A changing economy in Walterboro and Colleton County
Stephens and Fryer are among 4,400 people commuting 50 miles or more each way to work on Hilton Head Island, according to an April workforce housing report by Lisa Sturtevant and Associates.
Stephens is from Brooklyn, New York, and moved to Walterboro after she got married in the 1980s.
Walterboro “had nothing at that time. There was no money here,” she said. “Living wasn’t too good until we heard about Hilton Head.”
She applied for a job on Hilton Head and was hired the same day. Stephens worked for the Sea Pines Resort for 13 years and then transferred to the Seabrook retirement resort.
Williams, the county council member, said there’s a new, booming retail scene, and employers can’t find enough workers to stay open all day. Walterboro is home to retail stores such as Belk, Sears and Walmart.
Stephens and Fryer said they’d never work there.
“For $7.25?” Stephens asked, referring to the minimum wage. “Ain’t nobody working for that.”
“And you can’t get all 40 hours,” Fryer added, explaining that employers sometimes keep employees below full-time status to avoid paying benefits. “It’d be starting all over for us,” she said. “What options do we have?”
Bill Harkins, a town council member on Hilton Head, said shifting the financial burden of the route to Hilton Head taxpayers doesn’t make sense when the bus riders pay taxes in Colleton and spend most of their money there.
“Workers may be able to make more here than Colleton ... and they spend most of their money at home,” he told the Hilton Head intergovernmental committee Aug. 5.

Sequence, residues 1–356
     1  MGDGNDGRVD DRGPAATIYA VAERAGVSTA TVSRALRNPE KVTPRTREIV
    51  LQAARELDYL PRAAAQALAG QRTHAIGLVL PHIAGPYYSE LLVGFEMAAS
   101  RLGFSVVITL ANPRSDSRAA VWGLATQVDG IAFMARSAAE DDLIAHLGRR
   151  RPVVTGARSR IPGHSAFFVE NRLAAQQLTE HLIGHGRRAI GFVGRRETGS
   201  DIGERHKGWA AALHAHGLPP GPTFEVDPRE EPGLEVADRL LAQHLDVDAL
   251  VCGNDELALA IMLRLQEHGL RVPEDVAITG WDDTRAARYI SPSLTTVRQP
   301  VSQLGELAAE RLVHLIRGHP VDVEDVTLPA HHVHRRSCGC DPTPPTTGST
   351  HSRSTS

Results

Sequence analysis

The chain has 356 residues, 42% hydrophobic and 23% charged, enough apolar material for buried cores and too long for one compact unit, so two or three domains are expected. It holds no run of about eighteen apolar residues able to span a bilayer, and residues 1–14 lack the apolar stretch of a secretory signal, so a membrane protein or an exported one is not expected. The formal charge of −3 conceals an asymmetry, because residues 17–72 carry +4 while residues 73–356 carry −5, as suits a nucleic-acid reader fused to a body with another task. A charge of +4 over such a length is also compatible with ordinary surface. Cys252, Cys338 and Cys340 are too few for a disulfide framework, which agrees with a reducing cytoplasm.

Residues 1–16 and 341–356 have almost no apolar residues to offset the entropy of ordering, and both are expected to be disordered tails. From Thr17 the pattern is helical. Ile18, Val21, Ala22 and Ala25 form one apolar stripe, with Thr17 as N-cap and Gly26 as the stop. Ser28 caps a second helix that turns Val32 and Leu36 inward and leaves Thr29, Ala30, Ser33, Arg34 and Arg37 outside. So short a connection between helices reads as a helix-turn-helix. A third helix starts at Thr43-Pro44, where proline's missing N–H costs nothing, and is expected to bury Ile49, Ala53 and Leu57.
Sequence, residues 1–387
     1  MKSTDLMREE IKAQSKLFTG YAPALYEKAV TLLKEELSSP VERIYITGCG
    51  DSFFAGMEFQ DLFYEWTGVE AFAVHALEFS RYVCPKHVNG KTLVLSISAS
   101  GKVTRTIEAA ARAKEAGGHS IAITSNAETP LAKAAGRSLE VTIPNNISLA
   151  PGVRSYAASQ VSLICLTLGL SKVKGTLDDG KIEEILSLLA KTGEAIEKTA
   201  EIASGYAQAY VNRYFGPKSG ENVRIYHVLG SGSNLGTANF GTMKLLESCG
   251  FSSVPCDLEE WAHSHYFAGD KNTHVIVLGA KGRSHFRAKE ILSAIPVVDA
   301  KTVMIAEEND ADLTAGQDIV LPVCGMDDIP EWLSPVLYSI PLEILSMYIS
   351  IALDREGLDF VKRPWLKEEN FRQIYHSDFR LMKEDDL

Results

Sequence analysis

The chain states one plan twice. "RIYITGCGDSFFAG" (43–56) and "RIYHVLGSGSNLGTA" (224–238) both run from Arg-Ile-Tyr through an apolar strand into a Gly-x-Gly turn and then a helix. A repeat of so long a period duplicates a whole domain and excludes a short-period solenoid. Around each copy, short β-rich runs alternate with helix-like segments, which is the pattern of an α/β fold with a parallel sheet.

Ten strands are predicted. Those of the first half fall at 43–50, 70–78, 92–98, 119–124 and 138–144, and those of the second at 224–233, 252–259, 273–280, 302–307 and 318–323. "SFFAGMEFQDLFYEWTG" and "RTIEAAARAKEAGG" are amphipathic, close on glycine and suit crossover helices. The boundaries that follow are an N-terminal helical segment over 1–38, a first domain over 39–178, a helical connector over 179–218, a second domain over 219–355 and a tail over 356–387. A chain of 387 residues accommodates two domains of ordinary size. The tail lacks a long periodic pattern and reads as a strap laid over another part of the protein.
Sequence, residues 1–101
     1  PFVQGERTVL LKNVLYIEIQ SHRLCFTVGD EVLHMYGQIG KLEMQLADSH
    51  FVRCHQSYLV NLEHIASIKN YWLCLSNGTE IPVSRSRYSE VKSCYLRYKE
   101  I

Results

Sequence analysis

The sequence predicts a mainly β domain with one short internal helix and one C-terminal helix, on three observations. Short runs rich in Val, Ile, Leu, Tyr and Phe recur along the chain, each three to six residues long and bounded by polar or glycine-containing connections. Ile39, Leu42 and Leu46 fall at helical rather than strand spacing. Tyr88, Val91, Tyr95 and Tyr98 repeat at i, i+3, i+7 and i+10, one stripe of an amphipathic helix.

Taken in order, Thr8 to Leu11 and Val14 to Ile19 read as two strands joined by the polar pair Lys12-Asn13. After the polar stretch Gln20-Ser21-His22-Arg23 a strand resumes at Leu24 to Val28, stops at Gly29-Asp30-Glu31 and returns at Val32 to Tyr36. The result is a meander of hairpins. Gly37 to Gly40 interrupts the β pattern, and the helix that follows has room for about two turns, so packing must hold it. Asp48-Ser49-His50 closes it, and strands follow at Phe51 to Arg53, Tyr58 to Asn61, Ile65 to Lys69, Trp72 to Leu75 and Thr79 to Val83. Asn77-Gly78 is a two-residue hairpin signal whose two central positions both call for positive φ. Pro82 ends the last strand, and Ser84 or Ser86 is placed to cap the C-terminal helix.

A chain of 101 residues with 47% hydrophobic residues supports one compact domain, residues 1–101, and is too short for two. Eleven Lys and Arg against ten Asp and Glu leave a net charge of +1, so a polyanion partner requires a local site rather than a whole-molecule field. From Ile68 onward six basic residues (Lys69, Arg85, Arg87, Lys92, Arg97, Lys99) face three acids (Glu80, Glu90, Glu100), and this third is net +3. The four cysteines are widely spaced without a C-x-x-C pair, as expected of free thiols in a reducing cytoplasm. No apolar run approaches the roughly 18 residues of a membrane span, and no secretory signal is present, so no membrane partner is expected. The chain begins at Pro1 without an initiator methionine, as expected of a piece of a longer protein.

“The money is here,” she said while sitting at the Hilton Head bus stop. “But all that money goes right back to Walterboro.”
‘The bus must run’
When she gets back to Walterboro each evening, Stephens said she rarely has time to do anything but get ready for work the next day. But she said she does it for her kids, now ages 33 and 29.
“It’s worth taking the bus at 5 o’clock in the morning and getting home at 5 minutes to 7 p.m. everyday,” she said. “It’s paid for their lives.”
When Stephens started riding the bus, she had two babies. Riding to Hilton Head each day has allowed her to put her son through college.
Now, the 55-year-old is nearing retirement. Losing the bus, she said, would zap her savings and take her away from the “family” she’s looked forward to seeing on the bus for the past 30 years.
“I’ll lose everything,” she said, shaking her head. “I’ll try to get there, but all of us will be losing everything.
“The bus must run.”